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- March 23, 2010 at 4:18 PM #37744composite1Member
There are constant questions on the forums about editing but most are strictly about technical aspects concerning a particular software. Rarely do I see questions about the ‘process of editing’ , ‘how one tells a story’ or ‘how editing really works?’ These are pretty important questions to know and without them in your answer bag just makes learning to edit on your own that much more difficult.
To give forth some answers to those questions and many others, here is a segment from the “Editor’s Lounge” with some of today’s top flight editors from the Hollywood, Television and Corporate Video production communities.
- March 23, 2010 at 5:03 PM #167233Grinner HesterParticipant
The Art of the Edit forum on the COW is good for this.
My workflows vary but, in a nutshell I lay all worthy content on a timeline then go through subtractivly until I get it to time. I then add b-roll, go from the top again with music, go back from the top again with sweetening and color grading, back from the top with effects and then a final pass with any layers of love that are required. Depends on the piece but that’s my norm. I can’t afford to waste time treating shots that may wind up on the cuttin’ room floor so this is the best approch for me.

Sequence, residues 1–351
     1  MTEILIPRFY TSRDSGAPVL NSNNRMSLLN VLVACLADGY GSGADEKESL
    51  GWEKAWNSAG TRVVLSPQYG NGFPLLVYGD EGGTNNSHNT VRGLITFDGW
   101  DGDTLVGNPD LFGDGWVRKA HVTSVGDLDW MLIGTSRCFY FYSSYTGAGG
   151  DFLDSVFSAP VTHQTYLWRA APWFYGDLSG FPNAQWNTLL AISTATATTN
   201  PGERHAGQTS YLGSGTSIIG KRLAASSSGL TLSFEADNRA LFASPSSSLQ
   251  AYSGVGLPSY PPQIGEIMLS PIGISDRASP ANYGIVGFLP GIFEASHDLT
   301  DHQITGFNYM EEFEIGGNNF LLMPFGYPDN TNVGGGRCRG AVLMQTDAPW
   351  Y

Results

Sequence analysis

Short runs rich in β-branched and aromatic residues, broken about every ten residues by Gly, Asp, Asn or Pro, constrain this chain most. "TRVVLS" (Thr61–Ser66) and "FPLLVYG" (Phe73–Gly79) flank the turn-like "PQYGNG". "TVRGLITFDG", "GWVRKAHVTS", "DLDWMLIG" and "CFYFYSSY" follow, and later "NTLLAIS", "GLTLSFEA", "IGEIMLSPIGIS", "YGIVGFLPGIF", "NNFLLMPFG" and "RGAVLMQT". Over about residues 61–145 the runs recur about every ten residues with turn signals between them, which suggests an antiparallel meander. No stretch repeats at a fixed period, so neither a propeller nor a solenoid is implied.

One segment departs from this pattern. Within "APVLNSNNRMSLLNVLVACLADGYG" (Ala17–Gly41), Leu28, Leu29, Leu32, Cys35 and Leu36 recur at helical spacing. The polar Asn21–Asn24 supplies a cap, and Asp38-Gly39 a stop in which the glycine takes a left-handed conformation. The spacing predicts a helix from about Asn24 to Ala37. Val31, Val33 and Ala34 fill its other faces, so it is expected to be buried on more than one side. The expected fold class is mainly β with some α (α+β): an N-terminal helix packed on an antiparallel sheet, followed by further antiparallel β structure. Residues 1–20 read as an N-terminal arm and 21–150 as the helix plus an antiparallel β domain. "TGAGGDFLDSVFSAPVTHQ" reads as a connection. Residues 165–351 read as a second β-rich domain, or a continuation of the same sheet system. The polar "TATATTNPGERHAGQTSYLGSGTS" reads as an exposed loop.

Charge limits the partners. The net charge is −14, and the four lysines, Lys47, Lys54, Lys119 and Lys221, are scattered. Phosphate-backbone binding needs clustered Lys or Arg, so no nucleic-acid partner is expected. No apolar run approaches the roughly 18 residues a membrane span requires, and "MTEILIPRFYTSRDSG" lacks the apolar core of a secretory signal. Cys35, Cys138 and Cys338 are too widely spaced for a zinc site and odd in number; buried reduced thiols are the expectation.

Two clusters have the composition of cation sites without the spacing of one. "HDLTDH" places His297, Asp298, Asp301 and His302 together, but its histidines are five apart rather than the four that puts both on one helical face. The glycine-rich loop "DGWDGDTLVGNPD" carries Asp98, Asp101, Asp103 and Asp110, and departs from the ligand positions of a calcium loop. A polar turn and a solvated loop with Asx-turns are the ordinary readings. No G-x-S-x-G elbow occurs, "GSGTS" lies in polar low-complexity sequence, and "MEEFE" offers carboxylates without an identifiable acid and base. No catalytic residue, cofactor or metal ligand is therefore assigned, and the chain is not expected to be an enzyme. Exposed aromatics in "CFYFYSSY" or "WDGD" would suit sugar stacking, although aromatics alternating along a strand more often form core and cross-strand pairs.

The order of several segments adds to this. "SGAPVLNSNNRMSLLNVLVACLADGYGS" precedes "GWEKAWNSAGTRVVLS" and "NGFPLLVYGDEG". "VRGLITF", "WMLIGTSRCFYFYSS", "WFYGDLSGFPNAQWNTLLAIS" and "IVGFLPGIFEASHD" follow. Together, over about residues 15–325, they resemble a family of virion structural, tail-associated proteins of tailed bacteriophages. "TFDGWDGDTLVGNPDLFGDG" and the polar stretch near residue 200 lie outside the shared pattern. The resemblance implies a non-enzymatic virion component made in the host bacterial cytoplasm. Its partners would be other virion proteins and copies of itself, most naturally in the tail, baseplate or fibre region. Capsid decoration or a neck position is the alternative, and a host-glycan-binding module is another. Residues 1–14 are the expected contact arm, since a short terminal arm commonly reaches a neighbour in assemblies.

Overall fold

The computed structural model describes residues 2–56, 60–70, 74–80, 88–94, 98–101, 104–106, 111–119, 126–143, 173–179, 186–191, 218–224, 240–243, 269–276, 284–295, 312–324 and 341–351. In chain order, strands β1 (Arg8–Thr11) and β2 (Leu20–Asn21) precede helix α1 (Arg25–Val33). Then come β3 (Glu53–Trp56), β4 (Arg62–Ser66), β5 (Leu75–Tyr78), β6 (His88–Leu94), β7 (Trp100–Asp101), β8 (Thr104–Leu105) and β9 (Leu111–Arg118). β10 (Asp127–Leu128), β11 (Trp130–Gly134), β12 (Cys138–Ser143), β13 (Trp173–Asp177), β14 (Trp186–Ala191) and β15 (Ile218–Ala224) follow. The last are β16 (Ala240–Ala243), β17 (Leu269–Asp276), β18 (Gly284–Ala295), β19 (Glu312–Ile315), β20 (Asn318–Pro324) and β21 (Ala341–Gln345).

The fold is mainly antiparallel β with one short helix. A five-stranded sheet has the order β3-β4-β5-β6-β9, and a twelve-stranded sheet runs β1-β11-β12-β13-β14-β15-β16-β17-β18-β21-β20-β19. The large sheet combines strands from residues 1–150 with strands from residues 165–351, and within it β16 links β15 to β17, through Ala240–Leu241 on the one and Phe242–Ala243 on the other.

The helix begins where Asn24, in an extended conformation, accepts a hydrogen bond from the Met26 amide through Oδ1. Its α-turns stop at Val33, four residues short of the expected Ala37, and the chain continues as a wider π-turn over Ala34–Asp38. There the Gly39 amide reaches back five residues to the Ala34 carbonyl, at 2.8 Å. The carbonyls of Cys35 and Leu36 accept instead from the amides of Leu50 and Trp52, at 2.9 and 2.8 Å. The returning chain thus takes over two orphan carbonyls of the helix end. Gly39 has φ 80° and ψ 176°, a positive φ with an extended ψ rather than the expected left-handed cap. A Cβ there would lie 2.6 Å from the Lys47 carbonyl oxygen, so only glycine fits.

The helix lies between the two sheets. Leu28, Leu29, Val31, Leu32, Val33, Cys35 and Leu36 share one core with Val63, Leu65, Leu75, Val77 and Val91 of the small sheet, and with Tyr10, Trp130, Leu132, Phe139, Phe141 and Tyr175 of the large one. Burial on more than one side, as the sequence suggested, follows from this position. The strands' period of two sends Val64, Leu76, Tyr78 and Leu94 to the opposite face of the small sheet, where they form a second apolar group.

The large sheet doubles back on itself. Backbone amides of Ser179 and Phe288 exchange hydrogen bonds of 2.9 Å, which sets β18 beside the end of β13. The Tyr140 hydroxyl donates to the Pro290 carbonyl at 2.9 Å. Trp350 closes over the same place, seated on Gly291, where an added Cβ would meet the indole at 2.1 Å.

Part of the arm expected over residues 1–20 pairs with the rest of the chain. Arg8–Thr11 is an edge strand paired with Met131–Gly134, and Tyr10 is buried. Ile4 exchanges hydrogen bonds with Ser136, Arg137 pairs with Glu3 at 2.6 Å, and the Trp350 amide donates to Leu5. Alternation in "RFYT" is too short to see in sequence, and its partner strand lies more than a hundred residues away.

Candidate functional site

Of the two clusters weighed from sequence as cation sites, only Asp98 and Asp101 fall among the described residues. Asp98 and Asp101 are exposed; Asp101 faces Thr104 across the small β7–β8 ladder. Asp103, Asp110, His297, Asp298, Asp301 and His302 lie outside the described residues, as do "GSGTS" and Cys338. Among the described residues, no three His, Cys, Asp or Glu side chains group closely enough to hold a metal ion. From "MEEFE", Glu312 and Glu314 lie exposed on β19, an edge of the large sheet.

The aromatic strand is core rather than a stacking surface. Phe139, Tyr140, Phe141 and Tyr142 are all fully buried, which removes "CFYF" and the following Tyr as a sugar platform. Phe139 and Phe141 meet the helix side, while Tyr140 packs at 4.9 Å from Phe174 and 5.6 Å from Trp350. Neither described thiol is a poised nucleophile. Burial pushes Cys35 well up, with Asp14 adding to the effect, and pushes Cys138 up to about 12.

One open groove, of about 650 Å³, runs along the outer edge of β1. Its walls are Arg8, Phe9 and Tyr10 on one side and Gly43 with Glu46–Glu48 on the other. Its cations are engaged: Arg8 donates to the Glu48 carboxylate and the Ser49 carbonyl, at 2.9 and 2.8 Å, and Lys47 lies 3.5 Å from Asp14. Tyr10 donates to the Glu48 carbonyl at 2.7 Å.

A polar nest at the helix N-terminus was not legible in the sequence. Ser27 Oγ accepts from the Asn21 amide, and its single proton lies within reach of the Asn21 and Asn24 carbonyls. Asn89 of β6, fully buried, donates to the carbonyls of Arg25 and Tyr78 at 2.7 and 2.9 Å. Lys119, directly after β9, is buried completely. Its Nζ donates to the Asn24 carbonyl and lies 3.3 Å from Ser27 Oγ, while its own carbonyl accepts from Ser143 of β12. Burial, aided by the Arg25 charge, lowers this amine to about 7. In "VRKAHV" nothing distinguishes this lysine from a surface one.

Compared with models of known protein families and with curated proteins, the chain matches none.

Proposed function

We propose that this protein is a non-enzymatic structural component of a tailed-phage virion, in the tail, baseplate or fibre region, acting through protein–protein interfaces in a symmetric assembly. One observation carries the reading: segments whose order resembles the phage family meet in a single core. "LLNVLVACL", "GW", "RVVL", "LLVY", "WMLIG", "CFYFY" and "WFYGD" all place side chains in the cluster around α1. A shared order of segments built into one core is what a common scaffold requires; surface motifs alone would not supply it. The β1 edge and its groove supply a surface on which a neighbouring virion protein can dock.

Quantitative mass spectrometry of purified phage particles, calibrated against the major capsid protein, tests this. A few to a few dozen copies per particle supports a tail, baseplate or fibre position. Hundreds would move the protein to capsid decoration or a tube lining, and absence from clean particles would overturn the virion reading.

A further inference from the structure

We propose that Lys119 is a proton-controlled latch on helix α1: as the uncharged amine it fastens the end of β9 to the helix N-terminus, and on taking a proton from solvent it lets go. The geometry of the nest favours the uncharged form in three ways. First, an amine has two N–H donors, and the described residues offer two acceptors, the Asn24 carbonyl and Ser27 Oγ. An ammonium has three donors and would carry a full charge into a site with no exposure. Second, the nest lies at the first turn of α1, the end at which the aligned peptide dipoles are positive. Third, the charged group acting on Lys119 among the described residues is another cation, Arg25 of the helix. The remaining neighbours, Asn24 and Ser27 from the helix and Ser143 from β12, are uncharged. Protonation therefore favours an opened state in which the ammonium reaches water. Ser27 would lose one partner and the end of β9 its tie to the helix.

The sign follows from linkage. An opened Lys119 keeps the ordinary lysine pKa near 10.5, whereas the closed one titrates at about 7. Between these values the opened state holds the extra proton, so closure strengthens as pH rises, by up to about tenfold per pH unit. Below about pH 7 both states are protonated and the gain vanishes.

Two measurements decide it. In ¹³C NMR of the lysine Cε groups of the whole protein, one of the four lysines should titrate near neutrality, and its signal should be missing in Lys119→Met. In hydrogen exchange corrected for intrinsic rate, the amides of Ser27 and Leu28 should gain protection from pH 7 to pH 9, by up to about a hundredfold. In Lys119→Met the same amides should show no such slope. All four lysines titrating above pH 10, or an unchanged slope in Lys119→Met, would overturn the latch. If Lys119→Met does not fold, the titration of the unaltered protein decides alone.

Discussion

- March 23, 2010 at 9:56 PM #167234composite1Member
When I’m doing documentary style stuff I use the subtractive method as well. For narrative, I follow the script first to get everything laid out during an assemble and then run with what best tells the story. I save effects and color-correction for last unless I’m doing something for a ‘Caddie-class’ client. I’ll take the extra time to make a sequence look more presentable if they need it for approval meetings.
Funny though, I’ve never had anyone ‘meltdown in my editing bay’ like that one guy did. That would be strange.
- March 24, 2010 at 3:30 PM #167235Grinner HesterParticipant
Me either. I’d send em kickin’ if that happened.
I’m lucky. I have no clients that are not my friend. That’s the key, really. Put yourself int he friend-making business and you’ll have very few unbooked days.
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